- Remember to check car washes online and read their customer reviews. It’s always good to use other people’s experiences and learn more about the pros and cons of a place.
- And don’t forget to check out the products they use for cleaning your electric car. Some car washes use strong detergents containing harsh ingredients that can damage your car’s paint or trims. Make sure they’re not very alkaline or acidic.
Best Way to Wash an Electric Car
While using a car wash is time-saving and convenient, it’s not a recommended method for electric cars. Car washes use big brushes that may scratch your car. Besides, the detergents they use are usually too harsh and strong.
So, if you don’t want to damage your car paint and have enough time, the best method for washing your EV is hand wash.
To do so, first, wash your car with a garden hose to remove dust and soften the grimes. Then use the two-bucket method for washing your car. Fill up a bucket with water and car soap or shampoo solution and another one with plain water.
Dip your wash mitt in the soap solution, wipe a section of your car, and then rinse it off in the water bucket. Repeat this process for the whole car, and then rewash it with your garden hose. As a final touch, you can wax your car to give it shine and protection.
What Happens If an Electric Car Gets Wet?
Electric car owners or those who want to buy one are concerned about getting electroshocked when it gets wet – whether it’s in the rain, flood, or even car wash. But is this concern valid, and what really happens when an electric car gets wet?
Nothing happens if an electric car gets wet. They usually undergo weather tests and are designed to prevent water from getting inside their electrical systems. Their batteries and high-voltage cables are efficiently sealed, and circuit breakers automatically disconnect the power flow when submerged.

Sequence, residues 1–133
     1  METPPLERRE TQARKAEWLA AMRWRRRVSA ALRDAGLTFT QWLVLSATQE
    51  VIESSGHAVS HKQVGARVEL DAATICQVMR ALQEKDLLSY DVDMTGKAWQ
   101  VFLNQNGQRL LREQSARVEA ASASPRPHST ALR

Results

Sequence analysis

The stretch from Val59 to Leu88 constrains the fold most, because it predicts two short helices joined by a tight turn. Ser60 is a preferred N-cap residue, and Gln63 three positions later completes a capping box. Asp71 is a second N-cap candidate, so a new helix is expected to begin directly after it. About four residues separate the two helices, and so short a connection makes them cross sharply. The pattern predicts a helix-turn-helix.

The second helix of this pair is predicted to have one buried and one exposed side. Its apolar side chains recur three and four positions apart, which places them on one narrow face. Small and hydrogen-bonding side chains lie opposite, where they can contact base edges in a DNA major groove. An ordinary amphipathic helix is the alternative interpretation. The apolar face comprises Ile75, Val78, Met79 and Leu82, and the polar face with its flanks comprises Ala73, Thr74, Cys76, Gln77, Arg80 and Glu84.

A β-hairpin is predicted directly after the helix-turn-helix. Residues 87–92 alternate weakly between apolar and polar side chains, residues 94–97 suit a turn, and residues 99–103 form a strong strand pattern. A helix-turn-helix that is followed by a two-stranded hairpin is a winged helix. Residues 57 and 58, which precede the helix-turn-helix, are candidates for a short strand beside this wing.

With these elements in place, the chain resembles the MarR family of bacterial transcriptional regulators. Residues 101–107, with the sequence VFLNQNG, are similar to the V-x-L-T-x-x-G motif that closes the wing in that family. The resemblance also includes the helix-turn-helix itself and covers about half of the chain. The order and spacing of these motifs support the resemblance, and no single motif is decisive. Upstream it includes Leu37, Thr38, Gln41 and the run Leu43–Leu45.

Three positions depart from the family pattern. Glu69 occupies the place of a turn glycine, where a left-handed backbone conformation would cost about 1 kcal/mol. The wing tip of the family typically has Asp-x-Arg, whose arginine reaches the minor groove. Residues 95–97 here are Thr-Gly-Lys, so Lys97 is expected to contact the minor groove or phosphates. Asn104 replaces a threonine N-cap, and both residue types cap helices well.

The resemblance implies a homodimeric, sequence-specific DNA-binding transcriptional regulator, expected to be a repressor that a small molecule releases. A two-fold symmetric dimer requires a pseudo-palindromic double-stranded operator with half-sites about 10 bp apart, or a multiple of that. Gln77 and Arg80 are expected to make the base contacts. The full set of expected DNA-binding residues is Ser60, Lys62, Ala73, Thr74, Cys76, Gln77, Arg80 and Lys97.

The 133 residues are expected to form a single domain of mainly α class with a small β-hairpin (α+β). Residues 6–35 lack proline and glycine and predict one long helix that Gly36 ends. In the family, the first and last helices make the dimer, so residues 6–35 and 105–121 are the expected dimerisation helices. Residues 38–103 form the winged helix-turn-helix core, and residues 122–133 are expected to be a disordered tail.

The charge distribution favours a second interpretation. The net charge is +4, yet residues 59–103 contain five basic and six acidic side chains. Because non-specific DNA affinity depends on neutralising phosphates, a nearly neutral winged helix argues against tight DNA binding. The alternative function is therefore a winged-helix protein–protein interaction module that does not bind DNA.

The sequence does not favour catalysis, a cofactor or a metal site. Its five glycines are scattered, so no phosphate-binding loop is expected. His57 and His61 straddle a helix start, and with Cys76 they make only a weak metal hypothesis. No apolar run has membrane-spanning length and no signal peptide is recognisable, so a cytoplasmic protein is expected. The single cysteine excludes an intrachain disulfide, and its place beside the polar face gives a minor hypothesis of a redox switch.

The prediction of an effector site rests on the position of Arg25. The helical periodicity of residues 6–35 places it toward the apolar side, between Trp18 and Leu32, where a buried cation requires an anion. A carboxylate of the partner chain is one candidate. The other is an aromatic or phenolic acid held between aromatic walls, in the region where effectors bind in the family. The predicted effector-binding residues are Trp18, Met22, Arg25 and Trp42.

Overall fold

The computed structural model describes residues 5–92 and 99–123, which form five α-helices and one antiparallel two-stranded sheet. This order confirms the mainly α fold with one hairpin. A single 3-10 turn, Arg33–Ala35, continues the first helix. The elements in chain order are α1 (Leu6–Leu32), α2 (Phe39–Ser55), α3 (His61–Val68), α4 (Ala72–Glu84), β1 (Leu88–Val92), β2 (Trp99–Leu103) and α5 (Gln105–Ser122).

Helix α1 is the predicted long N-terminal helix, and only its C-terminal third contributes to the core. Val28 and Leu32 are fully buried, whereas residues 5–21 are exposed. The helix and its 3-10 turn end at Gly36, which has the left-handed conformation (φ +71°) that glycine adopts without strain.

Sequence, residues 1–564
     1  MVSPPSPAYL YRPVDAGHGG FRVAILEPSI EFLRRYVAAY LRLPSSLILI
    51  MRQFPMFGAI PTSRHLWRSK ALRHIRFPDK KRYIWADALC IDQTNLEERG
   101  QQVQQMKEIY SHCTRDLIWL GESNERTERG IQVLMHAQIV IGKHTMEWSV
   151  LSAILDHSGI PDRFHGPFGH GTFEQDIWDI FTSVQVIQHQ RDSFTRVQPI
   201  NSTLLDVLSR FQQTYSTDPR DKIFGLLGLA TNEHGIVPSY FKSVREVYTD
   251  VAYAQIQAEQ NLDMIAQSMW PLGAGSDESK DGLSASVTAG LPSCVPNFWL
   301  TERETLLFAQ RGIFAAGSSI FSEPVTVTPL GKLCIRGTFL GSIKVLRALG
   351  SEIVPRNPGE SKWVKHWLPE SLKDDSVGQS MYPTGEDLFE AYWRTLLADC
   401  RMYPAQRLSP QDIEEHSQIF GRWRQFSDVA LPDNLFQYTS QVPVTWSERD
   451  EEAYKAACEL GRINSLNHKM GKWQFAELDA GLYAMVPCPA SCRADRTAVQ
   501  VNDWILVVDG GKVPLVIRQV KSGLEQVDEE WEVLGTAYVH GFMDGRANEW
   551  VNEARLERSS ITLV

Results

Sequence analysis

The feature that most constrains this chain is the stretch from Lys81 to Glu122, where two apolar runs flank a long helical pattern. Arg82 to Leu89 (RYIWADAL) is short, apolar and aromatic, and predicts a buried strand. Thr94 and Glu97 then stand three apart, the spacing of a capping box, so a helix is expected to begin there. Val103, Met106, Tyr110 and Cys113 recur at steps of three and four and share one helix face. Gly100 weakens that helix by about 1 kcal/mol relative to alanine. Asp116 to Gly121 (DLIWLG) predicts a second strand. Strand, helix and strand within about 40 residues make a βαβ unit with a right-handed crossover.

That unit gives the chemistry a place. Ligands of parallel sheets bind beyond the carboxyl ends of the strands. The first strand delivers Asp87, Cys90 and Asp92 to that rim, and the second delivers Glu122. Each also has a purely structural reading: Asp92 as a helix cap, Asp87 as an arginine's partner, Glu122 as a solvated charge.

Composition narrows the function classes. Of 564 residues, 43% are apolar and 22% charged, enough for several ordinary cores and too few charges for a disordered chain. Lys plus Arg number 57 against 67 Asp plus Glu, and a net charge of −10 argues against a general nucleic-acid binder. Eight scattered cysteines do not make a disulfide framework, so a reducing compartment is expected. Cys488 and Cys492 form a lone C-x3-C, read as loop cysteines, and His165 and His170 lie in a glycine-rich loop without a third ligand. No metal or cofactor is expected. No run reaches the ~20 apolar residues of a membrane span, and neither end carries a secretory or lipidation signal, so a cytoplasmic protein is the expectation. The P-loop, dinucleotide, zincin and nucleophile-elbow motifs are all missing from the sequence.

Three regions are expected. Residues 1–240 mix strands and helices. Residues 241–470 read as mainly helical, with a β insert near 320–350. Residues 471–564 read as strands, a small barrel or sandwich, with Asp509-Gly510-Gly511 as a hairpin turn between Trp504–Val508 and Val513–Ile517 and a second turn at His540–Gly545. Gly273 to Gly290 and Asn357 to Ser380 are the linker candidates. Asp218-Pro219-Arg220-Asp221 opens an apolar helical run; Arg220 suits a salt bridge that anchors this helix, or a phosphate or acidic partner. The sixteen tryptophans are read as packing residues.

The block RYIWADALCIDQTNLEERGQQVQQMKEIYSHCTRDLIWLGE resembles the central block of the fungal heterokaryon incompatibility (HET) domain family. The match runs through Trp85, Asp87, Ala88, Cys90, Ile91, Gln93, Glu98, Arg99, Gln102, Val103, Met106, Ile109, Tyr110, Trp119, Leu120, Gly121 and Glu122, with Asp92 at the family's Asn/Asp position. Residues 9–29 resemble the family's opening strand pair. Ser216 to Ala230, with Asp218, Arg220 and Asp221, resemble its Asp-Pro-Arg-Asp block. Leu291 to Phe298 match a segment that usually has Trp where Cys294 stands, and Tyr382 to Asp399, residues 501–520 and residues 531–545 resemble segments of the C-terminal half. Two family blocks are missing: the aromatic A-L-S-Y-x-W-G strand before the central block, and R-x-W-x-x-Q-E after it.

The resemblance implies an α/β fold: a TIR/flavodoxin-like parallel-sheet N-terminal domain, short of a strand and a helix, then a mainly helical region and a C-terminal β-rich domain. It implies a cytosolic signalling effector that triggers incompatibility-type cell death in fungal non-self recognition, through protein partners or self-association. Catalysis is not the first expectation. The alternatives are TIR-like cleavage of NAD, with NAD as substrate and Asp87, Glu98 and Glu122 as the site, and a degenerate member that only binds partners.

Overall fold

As mentioned before, electric cars go through a variety of tests, and no car maker produces a vehicle that can endanger its customers. They’ve built safety features into their cars to ensure the safety of users in emergencies and different climate conditions.
Electric cars are equipped with large and powerful battery packs that empower their electric motors. They produce voltages much higher than regular cars – between 200- 300 volts compared to 12 volts in combustion cars. Directly touching such circuits can be lethal for sure.
Safety Measures to Avoid Electrical Issues
However, it doesn’t mean that EVs are more dangerous than regular cars. Their batteries are mounted somewhere unlikely to get splashed by water. Most of them are also equipped with circuit breakers that automatically switch off the power and isolate the batteries once detecting a collision or short circuit.
If water gets into the car’s electrical system in any way, the circuit breakers trip and disconnect the power flow. The simple act of shutting down an electric car disconnects the power flow, and there would be no power left in high voltage cables.
Most manufacturers color those high voltage cables in bright orange to be visually noticeable and avoided.
What’s more, the EV battery packs manufactured in the US are encased inside a sealed metal shell to protect them from electricity flow from batteries – it’s usually covered with an interior panel or in a carpet.
Even if water actually gets inside the shell, there would be nothing to worry about. The cells of nickel-metal hydride batteries used in most current EVs are maintenance-free and sealed so that nothing can get inside or out of them. Besides, the chemicals inside them are in gel form not to spill in case batteries rupture.
As you see, in normal conditions, it’s pretty unlikely (if not impossible) for water to get inside batteries and contact them. Even the high voltage cables are insulated and protected. So, don’t worry about water getting inside your car’s electrical system while car washing.
Electric cars are not much different than regular combustion cars in terms of cleaning and maintenance. Even better, since electric cars don’t need airflow to burn fuel, they can be completely sealed.
You can take them to the automatic car wash and be sure that no water gets inside of their electrical system or batteries. However, touchless car washes are a better choice to avoid scratching. And make sure the used detergents aren’t harmful to your car’s paint.